Each trunk contains a portable, self-contained conservation education curriculum consisting of 20-23 lessons covering topics such as climate adaptation, community participation, animal relationships, habitat, biodiversity, predator and prey links, waste management, water quality and human-wildlife conflict. The traveling trunk contains materials for use in lessons that are entertaining, interactive, and demonstrate the connections linking the whole ecosystem in ways that are accessible for people of all ages, from children to elders. Most importantly WCS and the NNC have trained trainners such as community leaders, environemtnal profesionals and teachers to use the materials in the trunks. Now, most herder communities, Protected Areas and schools in the Eastern Steppe and Southern Gobi regions of Mongolia, use and share the trunks.

The Nomadic Nature Trunk Program complements the conservation work of WCS, by educating communites on ecological issues and providing solutions to the new challenges they face living on the steppe landscape.

The program also provides opportunities for community members to engage one another on critical environmental issues that affect their liveihoods and way of life, and substantially extends the impacts of participatory conservation activities undertaken when WCS field staff are present.


Effective Governance IconGOVERNANCE: By continuing learning and discussing environmental challenges and issues through Nomadic Nature Trunk lessons and WCS field engagement, communities are better educated and imformed on how best to manage their steppe resources sustainabliy. The Nomadic Nature Trunks Program has helped many communities to develop strong leadership.

Rights IconRIGHTS: Mongolian law recognizes the traditional rights of herder communities. However, it is difficult to exercise these rights in the context of new threats that operate at large scales and lie outside the experience on which traditional knowledge is based. The information and participatory learning that takes place through the Nomadic Nature Trunk Program provides communities with knowledge on have to provide stewardship to the steppe natural resources.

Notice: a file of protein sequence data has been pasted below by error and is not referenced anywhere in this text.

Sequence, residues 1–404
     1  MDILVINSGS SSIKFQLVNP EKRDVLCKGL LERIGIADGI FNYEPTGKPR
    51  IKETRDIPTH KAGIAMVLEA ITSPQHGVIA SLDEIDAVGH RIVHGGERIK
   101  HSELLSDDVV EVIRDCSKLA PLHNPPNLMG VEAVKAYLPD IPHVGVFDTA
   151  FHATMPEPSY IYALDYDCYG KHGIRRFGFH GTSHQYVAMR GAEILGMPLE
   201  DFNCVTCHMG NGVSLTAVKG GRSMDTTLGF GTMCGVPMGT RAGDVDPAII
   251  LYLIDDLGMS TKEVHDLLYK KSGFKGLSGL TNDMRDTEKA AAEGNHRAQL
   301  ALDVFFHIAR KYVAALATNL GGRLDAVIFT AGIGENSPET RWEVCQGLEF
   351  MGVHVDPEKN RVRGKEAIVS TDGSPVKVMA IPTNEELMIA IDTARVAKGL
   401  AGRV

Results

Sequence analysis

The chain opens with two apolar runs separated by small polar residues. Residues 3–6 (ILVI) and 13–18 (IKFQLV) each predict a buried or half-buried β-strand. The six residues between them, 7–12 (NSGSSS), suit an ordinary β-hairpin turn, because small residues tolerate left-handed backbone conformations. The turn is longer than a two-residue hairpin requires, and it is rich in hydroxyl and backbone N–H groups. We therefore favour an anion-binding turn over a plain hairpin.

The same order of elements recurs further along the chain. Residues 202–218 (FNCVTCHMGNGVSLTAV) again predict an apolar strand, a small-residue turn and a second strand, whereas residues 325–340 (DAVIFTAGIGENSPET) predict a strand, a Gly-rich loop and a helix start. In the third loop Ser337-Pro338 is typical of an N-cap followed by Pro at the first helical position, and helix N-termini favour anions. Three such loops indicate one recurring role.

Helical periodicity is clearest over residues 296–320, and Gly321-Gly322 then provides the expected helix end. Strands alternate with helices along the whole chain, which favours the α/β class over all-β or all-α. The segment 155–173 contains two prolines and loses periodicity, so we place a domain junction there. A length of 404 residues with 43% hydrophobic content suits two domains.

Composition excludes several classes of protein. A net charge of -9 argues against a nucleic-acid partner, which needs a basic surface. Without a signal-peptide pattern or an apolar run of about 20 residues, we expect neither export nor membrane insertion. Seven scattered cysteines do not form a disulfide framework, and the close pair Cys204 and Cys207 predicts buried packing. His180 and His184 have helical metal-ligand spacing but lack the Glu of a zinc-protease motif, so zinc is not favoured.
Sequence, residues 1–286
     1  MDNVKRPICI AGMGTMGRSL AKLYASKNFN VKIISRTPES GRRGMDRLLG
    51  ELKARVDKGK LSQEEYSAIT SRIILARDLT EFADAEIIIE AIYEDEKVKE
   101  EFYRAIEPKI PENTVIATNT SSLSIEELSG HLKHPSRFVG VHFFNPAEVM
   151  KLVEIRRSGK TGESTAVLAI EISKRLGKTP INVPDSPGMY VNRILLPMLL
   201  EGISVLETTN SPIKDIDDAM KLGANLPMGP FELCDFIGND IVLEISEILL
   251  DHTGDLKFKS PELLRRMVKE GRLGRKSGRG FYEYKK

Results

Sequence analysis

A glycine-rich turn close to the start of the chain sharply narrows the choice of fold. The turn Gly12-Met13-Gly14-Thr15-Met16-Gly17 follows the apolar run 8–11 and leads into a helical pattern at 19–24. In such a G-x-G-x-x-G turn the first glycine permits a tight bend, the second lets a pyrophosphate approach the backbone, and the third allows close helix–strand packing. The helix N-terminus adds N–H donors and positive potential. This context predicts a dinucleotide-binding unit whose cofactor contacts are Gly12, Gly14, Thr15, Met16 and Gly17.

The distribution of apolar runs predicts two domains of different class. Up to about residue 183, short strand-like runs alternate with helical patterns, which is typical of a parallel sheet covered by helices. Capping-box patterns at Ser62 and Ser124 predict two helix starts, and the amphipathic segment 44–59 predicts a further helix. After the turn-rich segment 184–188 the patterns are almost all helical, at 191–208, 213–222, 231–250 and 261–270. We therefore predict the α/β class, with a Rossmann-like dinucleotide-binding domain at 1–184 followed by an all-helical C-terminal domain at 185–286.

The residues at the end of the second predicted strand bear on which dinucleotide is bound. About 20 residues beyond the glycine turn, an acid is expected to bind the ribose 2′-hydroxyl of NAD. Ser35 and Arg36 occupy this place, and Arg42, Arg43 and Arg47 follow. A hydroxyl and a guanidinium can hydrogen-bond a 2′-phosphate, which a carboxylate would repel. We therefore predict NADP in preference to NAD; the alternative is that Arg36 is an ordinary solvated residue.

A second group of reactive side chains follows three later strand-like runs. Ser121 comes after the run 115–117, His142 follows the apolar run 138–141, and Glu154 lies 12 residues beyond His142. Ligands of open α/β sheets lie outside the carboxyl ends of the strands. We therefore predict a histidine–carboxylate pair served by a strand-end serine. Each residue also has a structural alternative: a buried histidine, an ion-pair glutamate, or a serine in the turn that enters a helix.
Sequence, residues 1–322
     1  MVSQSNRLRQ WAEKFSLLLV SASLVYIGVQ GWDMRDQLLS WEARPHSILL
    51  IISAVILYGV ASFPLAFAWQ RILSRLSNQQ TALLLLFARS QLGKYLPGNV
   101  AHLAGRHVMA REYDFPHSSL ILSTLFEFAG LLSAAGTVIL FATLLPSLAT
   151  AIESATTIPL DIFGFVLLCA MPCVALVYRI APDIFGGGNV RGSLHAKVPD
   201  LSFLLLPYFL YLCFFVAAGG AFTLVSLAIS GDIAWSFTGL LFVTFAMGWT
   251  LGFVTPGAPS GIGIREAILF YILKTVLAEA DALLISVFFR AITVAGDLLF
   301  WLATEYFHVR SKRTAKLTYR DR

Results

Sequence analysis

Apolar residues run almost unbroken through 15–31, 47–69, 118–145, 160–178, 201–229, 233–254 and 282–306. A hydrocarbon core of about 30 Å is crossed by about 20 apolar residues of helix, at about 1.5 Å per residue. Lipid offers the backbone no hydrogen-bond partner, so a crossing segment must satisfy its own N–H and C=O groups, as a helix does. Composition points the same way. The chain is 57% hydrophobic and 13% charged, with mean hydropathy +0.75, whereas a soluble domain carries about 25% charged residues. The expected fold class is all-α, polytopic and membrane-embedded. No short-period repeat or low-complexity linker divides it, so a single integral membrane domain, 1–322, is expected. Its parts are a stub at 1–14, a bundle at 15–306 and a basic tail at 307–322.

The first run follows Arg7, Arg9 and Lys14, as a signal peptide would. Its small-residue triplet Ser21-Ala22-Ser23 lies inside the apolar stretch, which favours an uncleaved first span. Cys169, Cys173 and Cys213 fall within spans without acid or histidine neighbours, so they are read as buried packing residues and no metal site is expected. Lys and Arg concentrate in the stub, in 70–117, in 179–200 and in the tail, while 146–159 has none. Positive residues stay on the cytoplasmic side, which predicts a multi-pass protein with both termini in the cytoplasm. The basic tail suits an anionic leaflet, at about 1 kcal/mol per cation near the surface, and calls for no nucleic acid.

Gender IconGENDER: By actively engaging women in Nomadic Nature Trunks lessons, the program increases their active participation in discussions about collective management of the community's steppe resources.

Constituencies IconCONSTITUENCY: The Nomadic Nature Trunks Program has helped empower communiuties to exert their rights and voice their interest or conserving and sustainably managing their resources. Trunk herder groups are now more vocal advocates to protection of the steppe, and a valuable constituency for encouraging government action where needed to reinforce community steppe management.


Herder community leaders are playing game lessons of “Are you Know this?”  Bolortsetseg Sanjaa ©WCS/Mongolia

Protected Area staff learning new skills and playing game lesson of “Food Chain”  Bolortsetseg Sanjaa ©WCS/Mongolia

Children are playing game lesson of “Who I am?”  Bolortsetseg Sanjaa ©WCS/Mongolia

Map 1. Trunk Program implementing site/Ochirkhuyag Lkhamjav ©WCS/Mongolia